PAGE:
23 February 2009


How to take great point-and-shoot photos

Behind the Gare St. Lazare, Paris by Henri Cartier-BressonVia Jason Kottke, here is a useful article on how to make great photos using your point-and-shoot digital camera—by learning from the great photographers who shot film decades ago with even more limited equipment.

You can only learn so much from people who frequently work in ways that are impossible for you. What if there were truly masterful photographers who worked with cameras with all the limitations of yours and more? Couldn't they be role models? Luckily, there are boatloads of them: every documentary photographer working from the 1930s to the 1980s.

The basics? Learn to compose, let black be black, use black-and-white when appropriate, photograph near windows with natural light, and take lots of pictures, then edit—pick the best shots from the many you have. If you get really good, you might regularly capture the decisive moment in single shots like Cartier-Bresson, but that will take time.

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One thing that you wrote at the end of your post, (Great Pic BTW) is Edit Edit Edit..

Here is what I think is the problem, Most people are thrown by the "editing tools" that are out there, be it Adobe Photoshop, or Photoshop elements.

There are so many buttons, gadgets and whistles, and there really isn't a "comprehensive Newbie How-to" on how you should edit them, or what makes a good edit.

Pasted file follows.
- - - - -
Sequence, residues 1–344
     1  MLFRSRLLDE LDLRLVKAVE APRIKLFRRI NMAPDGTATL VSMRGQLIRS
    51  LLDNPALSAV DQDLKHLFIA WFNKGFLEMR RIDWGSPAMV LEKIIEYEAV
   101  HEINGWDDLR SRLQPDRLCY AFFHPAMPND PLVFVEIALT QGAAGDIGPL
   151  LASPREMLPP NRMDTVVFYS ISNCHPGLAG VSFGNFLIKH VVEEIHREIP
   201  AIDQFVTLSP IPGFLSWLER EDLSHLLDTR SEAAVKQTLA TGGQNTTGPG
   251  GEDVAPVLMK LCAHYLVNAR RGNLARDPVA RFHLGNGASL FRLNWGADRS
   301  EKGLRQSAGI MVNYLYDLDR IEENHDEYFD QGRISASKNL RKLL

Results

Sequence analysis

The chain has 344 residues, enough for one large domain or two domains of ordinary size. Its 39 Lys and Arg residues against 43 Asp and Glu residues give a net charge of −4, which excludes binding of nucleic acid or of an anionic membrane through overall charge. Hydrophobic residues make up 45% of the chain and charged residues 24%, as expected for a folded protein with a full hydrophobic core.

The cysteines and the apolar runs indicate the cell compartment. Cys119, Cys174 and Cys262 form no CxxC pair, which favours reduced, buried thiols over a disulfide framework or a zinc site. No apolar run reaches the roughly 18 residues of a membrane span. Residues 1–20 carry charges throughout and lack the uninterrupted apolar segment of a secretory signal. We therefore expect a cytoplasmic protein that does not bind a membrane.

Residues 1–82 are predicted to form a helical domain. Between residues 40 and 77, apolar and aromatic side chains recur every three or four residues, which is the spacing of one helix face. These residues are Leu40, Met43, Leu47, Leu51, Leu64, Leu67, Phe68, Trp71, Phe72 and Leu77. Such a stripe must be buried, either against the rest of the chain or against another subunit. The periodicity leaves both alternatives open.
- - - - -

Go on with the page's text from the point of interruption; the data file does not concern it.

I would say most use the "AUTOFIX" method on the program, but to be true, this usually comes out looking like "ASS". :-)

I just uploaded my photo's to Google, this weekend, while I am not like you and I am sure I have not taken near as many as you, I was amazed to see i had almost 5 gigs of Photo's uploaded. I am no photographer by any means, so this seemed like a lot to me.

The Camera and its software are a intimidating thing. I have read your articles with great interest, and catch bits and pieces of what your saying, but the F-Stop etc.. and other things you go over.. are really really hard to understand.. Will keep reading though as I do learn a little each time from both your Podcast/Music mussings as well as your photography stuff..

Just wanted to give the NEWB side..

I should have been clear. When I wrote (or summarized) "edit," I meant "pick the best photos from the many you take." Those that really work won't need much, or any, fiddling in iPhoto or Photoshop or whatever. Photographers decades ago certainly didn't have anything like that to work with -- while some, like Ansel Adams, considered making a print as much a part of the artistic process as taking the picture, others, like Cartier-Bresson and many news photographers, were never involved in the developing and printing phase at all.

If you do choose to work with software, the main thing you should try first is adjusting the Levels settings. Here are basic and more detailed tutorials about that.
Thanks so much Derek for the info!!
But still, don't be afraid to crop if it improves the photo ... in fact, the photo of Henri's you have shown is cropped from what he actually took (though usually HC-B didn't do any cropping).

But in essence, to take better photos, take more photos and learn from each one. and only show the good ones! ;-)

Steve Taylor (aka The_BigBlueCat)
Melbourne, Australia
I crop extensively. It helps if you can compose well in the viewfinder, to get the maximum resolution from your camera and lens, but I'm not one of those crazy purists who doesn't want any image editing.